The question is whether to open a casino in downtown Barrie.

A public meeting in council chambers Thursday from 7 p.m to 9 p.m. will offer the public both a chance to hear from Ontario Lottery and Gaming Corp. (OLG), and ask questions of the city’s committee members who are reviewing the notion of gambling in Barrie.

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Idea of Pickering casino revisited

The idea of hosting a new casino in Pickering is returning to council.

Councillor David Pickles will be introducing a motion at the council meeting on Monday, Dec. 10 requesting staff report back on the anticipated financial benefits and other impacts if Pickering were to host a casino. The motion would also express council’s support of revenue-sharing among Pickering, Ajax and Whitby, the three municipalities encompassed within the Province’s C3 gaming zone.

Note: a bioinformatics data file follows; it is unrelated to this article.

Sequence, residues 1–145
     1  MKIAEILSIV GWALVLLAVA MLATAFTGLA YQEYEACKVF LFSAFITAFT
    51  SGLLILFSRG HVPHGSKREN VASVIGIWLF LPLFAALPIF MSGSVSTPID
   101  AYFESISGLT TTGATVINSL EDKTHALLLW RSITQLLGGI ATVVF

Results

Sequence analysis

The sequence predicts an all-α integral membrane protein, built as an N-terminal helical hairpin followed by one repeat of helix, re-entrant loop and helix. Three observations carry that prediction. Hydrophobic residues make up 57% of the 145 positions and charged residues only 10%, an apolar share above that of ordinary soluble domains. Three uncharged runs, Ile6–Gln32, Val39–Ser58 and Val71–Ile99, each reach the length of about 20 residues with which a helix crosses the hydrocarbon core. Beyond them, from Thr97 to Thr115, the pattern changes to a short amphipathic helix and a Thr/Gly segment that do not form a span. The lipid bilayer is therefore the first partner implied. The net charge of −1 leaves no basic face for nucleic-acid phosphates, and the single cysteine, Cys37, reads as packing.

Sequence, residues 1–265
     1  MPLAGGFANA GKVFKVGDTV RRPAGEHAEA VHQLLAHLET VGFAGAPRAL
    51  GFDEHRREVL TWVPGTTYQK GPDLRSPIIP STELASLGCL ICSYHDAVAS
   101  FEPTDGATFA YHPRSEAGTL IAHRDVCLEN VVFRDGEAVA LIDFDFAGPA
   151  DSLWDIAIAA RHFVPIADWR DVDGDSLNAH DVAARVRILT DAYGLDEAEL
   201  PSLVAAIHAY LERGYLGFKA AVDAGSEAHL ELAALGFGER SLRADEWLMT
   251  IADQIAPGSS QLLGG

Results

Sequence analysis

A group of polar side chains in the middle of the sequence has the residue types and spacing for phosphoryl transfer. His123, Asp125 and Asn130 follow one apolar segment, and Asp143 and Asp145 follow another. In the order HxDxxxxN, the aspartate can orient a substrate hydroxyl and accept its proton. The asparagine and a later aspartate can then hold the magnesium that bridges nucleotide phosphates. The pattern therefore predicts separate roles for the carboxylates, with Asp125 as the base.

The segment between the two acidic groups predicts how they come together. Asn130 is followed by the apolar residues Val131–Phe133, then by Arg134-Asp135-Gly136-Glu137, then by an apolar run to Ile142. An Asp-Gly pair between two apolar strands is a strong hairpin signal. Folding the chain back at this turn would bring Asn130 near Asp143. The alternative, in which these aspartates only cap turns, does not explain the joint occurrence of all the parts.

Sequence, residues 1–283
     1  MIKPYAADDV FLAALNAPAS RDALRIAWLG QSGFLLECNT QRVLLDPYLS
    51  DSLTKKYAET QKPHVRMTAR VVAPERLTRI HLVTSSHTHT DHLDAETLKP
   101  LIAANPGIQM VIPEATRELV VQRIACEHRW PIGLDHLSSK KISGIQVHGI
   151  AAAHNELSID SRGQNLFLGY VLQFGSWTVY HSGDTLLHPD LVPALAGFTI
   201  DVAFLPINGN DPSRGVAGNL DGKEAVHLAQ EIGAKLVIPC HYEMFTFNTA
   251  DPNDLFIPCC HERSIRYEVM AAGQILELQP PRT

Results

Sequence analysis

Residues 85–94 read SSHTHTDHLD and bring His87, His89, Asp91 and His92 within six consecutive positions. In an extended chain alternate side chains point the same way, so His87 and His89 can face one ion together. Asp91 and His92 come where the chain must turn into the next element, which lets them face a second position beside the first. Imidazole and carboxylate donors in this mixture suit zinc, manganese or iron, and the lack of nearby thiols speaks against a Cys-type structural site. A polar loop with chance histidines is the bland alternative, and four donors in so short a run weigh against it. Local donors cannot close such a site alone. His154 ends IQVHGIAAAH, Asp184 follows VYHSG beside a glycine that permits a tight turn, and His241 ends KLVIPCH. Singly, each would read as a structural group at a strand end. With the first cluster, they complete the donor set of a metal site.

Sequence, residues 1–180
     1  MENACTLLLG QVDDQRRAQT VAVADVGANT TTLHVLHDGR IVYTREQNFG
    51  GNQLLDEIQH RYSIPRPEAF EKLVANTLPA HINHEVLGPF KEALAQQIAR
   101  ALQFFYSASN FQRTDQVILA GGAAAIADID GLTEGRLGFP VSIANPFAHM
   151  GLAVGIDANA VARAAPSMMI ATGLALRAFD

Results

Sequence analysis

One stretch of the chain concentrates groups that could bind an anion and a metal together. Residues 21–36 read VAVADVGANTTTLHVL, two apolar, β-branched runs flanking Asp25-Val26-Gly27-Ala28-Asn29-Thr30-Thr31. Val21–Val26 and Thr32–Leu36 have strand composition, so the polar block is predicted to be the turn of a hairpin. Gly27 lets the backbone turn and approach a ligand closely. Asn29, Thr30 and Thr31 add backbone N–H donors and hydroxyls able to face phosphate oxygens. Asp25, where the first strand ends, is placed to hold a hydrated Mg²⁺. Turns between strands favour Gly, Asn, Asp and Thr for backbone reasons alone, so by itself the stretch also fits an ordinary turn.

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Mayor vows to ‘do anything’ to keep casino in Gananoque

Erika Demchuk, mayor of Gananoque, knows that the future of her community’s casino is really out of her hands.

And while she didn’t support a passed motion this week to begin negotiations with a high-powered lobby group in an effort to help gather support to keep the OLG Thousand Islands Charity Casino in Gananoque, she said she’ll do all she can to keep the facility right where it is rather than in rival Kingston.

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Hudak wants to get the Ontario government out of the gambling business

It’s time the Ontario government got out of the gambling business, Progressive Conservative Leader Tim Hudak said Monday, hinting that he also wants to privatize liquor sales.

The cash-strapped government, facing a $14.4-billion deficit, needs to re-evaluate everything it does to get out of businesses that are better run by the private sector and instead concentrate on services like health care and education, added Hudak.